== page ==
Merely Tolerable

Like all young Turks in nascent industries, we in the mobile world tend to be myopic and self-involved, always in need of remembering that the rest of the world is not hip deep in our own innovations. In the rush to mobilize marketing, and as we glory in the new realization that carriers and content providers now are agreed that the ad-supported wireless train has left the station, it is important to recall that the consumer really could care less about us.

In fact, the numbers still show that most wireless customers loathe the notion of exchanging personal for marketing information. JupiterResearch analyst Julie Ask told me recently that the last time her company asked consumers what would make them willing to give up their cell phone number to a marketer, 80 percent flatly replied "nothing," with younger adults showing a more promising negative response of 63 percent. "I would think there are reasons for carriers to be cautious," Ask says.

Indeed. Even some successful tests of mobile marketing send up a few yellow flags that warn both content providers and advertisers about exercising restraint on handhelds. The first high-profile ad-supported application launched several months ago from MSNBC.com, and a few early revealing results are in. Action Engine developed the downloadable app, which pulls headlines and alerts, video links and slide shows into SmartPhones. The program is free and fully ad-subsidized, and MSNBC.com distributes it off-portal. Banner ads and video pre-rolls underwrite the experience, and MSNBC handles ad sales. For this beta launch, and as is often the case with Microsoft's new ad platforms, MS itself bought up the inventory with a campaign for its Office suite.

Ann Baker, vice president of marketing, Action Engine, says the focus groups the company ran were just fine with the idea of trading sponsor messages for a free robust app, so long as the messaging is unobtrusive and doesn't overwhelm the experience. "There was a subset of people in the higher economic classes who believed they might pay to avoid ads," she says, but generally test groups were open to the model.

What is interesting is that despite a fear of intrusiveness, consumers responded more actively to the most time-consuming format, pre-roll video ads. Users preferred banner ads to video, but the post-campaign testing showed higher recall and information retention from the video ads. The beta testers also discovered very quickly that they couldn't get away with the inventory-stuffing techniques of online video streaming. "We had pre-roll clips show up every time you opened a video, and the feedback was that it is too much. MSNBC scaled back to once every four times," says Baker, and that seemed to work.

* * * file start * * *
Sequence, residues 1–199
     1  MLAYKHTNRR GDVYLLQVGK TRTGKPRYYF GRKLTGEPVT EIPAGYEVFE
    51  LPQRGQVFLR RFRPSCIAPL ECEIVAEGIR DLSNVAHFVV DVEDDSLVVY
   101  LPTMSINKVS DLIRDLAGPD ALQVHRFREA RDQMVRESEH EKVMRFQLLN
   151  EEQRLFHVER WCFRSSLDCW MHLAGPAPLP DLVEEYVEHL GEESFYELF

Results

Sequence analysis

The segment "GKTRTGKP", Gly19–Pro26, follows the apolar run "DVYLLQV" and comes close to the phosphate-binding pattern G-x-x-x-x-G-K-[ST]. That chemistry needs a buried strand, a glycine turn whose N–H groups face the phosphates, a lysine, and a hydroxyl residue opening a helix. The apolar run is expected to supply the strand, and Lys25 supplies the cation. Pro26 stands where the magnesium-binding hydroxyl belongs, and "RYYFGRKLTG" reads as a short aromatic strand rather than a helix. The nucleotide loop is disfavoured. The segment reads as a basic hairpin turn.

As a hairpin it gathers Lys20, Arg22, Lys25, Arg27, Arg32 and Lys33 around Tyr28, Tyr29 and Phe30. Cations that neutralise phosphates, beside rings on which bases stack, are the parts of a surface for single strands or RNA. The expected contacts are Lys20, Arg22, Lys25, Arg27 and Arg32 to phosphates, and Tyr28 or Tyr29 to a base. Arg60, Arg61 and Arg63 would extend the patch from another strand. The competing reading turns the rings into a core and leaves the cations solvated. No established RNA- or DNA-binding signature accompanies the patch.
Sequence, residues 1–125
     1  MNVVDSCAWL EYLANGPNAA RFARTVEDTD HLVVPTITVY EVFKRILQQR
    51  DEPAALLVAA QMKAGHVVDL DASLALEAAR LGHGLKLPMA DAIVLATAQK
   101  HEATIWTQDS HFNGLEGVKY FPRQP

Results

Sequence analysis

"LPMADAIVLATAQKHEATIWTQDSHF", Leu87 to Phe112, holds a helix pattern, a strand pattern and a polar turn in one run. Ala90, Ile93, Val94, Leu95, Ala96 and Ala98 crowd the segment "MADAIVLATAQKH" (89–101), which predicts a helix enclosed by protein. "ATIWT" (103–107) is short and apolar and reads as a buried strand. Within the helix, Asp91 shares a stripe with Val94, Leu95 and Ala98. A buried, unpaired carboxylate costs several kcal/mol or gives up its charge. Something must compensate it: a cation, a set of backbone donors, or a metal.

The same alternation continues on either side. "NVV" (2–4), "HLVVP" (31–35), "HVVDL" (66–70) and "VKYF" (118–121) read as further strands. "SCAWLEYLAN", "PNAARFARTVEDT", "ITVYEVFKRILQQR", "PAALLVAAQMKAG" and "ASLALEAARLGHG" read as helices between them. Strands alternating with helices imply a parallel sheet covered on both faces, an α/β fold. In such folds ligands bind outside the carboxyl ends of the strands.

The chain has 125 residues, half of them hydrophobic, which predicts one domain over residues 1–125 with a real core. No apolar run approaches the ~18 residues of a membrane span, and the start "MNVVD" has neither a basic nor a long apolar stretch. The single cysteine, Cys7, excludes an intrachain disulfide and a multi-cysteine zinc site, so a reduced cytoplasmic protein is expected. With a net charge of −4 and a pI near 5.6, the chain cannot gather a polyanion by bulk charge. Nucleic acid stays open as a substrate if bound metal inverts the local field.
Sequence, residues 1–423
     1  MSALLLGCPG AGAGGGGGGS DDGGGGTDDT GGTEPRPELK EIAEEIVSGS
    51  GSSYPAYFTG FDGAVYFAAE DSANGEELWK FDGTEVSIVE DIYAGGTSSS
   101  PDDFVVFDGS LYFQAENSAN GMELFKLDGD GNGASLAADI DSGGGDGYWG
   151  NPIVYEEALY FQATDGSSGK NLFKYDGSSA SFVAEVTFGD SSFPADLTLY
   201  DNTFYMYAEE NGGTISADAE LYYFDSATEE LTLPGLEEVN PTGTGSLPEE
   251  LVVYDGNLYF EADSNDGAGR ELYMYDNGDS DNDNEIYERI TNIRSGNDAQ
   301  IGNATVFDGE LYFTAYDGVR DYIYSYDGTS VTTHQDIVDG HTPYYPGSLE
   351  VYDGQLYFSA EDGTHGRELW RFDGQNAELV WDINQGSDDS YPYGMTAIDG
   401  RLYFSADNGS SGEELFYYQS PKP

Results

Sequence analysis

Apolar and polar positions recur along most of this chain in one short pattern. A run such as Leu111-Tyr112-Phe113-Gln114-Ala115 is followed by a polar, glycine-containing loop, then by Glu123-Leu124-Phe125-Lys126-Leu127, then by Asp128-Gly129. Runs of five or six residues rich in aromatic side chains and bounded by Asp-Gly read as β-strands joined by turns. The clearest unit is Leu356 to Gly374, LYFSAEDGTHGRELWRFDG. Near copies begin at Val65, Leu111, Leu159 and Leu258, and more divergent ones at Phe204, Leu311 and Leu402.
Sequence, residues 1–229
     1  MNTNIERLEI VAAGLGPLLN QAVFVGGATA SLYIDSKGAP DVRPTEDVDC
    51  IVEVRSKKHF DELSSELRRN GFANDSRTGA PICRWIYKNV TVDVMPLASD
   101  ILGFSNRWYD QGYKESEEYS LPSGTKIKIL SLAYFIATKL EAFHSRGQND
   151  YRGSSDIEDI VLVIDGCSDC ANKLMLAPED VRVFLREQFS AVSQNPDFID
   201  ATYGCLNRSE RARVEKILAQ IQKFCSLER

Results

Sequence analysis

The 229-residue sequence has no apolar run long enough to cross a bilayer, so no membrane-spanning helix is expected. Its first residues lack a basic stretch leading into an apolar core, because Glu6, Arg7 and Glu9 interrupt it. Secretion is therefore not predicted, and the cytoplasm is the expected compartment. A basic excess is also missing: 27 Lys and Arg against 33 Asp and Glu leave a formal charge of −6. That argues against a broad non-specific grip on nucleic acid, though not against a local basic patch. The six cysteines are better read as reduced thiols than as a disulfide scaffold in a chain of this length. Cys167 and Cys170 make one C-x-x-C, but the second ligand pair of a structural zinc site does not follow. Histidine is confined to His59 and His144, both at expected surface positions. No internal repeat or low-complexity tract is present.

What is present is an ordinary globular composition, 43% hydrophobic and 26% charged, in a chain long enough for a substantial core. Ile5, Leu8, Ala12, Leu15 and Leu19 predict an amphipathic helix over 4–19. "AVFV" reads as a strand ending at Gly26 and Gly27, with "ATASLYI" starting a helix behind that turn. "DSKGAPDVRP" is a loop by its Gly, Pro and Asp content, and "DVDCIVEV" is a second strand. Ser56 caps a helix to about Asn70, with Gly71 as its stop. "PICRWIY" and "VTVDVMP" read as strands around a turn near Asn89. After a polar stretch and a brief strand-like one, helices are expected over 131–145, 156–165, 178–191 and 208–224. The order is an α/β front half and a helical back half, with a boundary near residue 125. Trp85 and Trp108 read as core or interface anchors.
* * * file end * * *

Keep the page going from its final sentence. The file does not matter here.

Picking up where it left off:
The sweet spot for length appeared to be about 10 to 15 seconds, according to Action Engine, but in this case the ads were Universal McCann's entertaining but re-purposed dinosaur head spots for Office. I suspect that the fun factor of these ads goosed user tolerance for length as well as the retention scores.

Personally, I find 15-second pre-rolls an upper limit even on Web streams. I would just as soon see mobile video spots adopt a short mid-roll format that gives us a taste of content first. Versaly Entertainment will be using this approach in its upcoming Fast Lane free video channel on Sprint.

Better still, I would love to see marketers and content providers rethink the model a bit more for mobile. I am a big fan of the 5-second post-roll audio spot at the end of every Onion Radio News podcast. Why not create a mobile video format that sandwiches the content between extremely short visual ad blasts? You could start an ad unit as a five-second pre-roll, and then have it end as a post-roll or mid-roll. Another Web trick that did not port well to handhelds is the mid-scroll banner. MSNBC.com started with banners at top, bottom and middle. "Those banners in the middle, people just hated," Baker says.

Here is a good indication of how even the simplest Web behavior, a scroll and an extra button push, can actually ruin a mobile experience and alienate the user. "They couldn't stand having to scroll past the banner, to the point that MSNBC.com removed it from the beta launch."

So MSNBC.com learned fast and early that restraint is the best policy, and apparently it is paying off. Baker reports that the company is pleased with the number of impressions served, even though SmartPhones represent a small slice of the addressable market (a Java version of the app is in the works). Click-through rates are "much higher than they are used to seeing on the Web," she says. This confirms reports from Third Screen Media that CTRs on mobile banners have been remarkably high and steady even over the past six to 12 months.

I am confident that less will be more on this platform, but that is an equation that needs proving both to publishers and advertisers. I think users remember intrusiveness, and the publisher is the one that pays for it. I know which sites torture me with lengthy and too-frequent pre-roll spots or home page takeovers, and this knowledge makes me think twice before clicking into their wares.

If we can extrapolate from the very early findings by Action Engine and MSNBC.com, that effect may get amplified on mobile. It is important to remember that carriers and publishers are the ones starting to embrace mobile marketing, not consumers. They merely tolerate us.

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